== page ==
What have we done in the above case?  By looking at the data a bit differently, we have taken out the correlation between measured things and replaced it with numbers put on things we didn't directly measure, which are now *not* correlated, or are independent.  We say we have reduced the data to a orthogonal "basis", in the sense of a set of "axes" in a way intrinsic to the data themselves (rather than merely to our initial and perhaps silly ideas of what to measure).  In that example, we started with two measured things and ended with two measuring things - the number of "dimensions" in the data stayed the same.  But in more complicated cases, we might be able to reduce some picture's complexity quite a bit in that fashion.

So, that is an idea of "orthogonal" that is independent of our mental images, that we use in statistics commonly enough.  Generalizing that procedure, people often analyse some practical, complicated engineering or prediction problem (in economics for example) to a "linear algebra" model.  Meaning, they look at the system they are studying as being n equations in m unknowns; especially nice are cases when n and m are the same, because then we know those can be solved by substituting the results of one into another.

But whether solveable that way or not, the same idea of taking the data and "lining up" correlated parts, and labeling that the first direction, then taking the remaining variation and finding what is correlated in that, etc, can still be used.  The result is a "basis" for the data, a set of "directions" that needn't really be "directions" at all but are more like "independent aspects" of something being looked at.

So that is the mathematical idea behind using many dimensions.  But what is the physical intuition we can use to connect that generalized idea with uses of many dimensions in physics?  To me the most useful idea here, which I personally find quite helpful, is to apply this sort of thinking to what is called the "phase space" of some physical system.  You may already be familiar with that from classical physics, but in any event I will briefly explain the idea.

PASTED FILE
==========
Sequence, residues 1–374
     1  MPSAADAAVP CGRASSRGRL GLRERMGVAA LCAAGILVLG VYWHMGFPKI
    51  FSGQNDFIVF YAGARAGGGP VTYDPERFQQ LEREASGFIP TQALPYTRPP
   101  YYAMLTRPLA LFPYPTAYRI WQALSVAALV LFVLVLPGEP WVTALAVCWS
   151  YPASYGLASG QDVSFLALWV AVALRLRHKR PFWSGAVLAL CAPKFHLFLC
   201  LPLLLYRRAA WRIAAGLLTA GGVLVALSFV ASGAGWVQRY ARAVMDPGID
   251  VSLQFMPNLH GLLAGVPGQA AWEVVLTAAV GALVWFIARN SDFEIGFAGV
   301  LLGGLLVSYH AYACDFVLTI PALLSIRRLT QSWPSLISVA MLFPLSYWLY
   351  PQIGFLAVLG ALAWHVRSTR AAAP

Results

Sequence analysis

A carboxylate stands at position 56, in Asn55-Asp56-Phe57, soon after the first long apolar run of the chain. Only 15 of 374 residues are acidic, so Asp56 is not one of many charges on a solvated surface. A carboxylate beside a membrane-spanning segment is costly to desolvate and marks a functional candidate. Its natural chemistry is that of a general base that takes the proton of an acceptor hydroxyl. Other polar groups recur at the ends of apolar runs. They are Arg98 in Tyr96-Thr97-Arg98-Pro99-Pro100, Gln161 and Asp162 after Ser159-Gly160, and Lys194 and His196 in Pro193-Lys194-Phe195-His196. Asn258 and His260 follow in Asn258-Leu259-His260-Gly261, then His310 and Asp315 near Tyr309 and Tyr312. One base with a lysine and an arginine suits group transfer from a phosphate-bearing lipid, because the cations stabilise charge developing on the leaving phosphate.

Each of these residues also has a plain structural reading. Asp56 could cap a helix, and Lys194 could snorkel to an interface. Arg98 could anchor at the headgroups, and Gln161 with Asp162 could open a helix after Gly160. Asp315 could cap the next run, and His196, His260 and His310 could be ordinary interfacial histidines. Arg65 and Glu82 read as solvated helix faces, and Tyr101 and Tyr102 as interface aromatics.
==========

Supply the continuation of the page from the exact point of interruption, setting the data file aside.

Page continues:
A phase space is a different way of looking at some physical system, in which each point in the space represents a possible entire state of the whole system.  Paths in phase space then represent transitions from one state to another, or possible "evolutions" of the system.  This is very clear in a simple, classical physics example with only a limited number of things going on.  You can often specify such a system with a plot of just the potential energy on the one hand, and the kinetic energy on the other.  Everything else about the state follows from what the system is or how it is set up, say (e.g. a simple pendulum).

Then you look at what goes on as moving from one "state" or "phase" to another, as potential energy becomes kinetic ("go here" in phase space), then potential again ("go back there" in phase space).  Nice, clear idea to look at classical systems with.

And the neat thing is that physical principles like "least action" can be applied directly in the phase space, without needing to track back to ordinary dimensions and translate.  So the "calculus of variations" and such can be used in the nice, simple phase space (with only its kinetic and potential "basis" "directions"), and will still specify the path from one system state to another.  If you want ordinary coordinate results, then after you have solved the whole thing you can translate back from phase space to normal space at the last step.

So, the mathematical idea of a dimension is more like "uncorrelated way something can vary".  A physical. intuitive application of that more generalized idea of dimension in even classical physics is the notion of phase space for some system or other.

When string theorists put theories together in 10 dimensions, you might think of them as working in a phase space that specifies all the uncorrelated, independent ways something can physically change or vary (including charge, "QCD" color, etc.).  Now, as others have pointed out, what sense to make of those theories and the varying things they posit in this or that model, is a different question, as is the question whether those theories are any good or not.

But perhaps the above may help think about what they mean by additional dimensions.